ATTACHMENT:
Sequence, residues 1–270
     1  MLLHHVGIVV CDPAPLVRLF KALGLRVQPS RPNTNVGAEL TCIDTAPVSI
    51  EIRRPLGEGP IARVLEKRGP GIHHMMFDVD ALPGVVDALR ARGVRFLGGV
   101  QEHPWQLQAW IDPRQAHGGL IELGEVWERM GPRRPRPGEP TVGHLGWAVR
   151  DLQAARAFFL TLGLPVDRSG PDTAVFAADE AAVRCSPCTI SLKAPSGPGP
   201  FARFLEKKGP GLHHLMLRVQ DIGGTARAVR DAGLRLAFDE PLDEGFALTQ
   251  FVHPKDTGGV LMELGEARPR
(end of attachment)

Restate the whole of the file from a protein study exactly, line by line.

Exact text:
Sequence, residues 1–270
     1  MLLHHVGIVV CDPAPLVRLF KALGLRVQPS RPNTNVGAEL TCIDTAPVSI
    51  EIRRPLGEGP IARVLEKRGP GIHHMMFDVD ALPGVVDALR ARGVRFLGGV
   101  QEHPWQLQAW IDPRQAHGGL IELGEVWERM GPRRPRPGEP TVGHLGWAVR
   151  DLQAARAFFL TLGLPVDRSG PDTAVFAADE AAVRCSPCTI SLKAPSGPGP
   201  FARFLEKKGP GLHHLMLRVQ DIGGTARAVR DAGLRLAFDE PLDEGFALTQ
   251  FVHPKDTGGV LMELGEARPR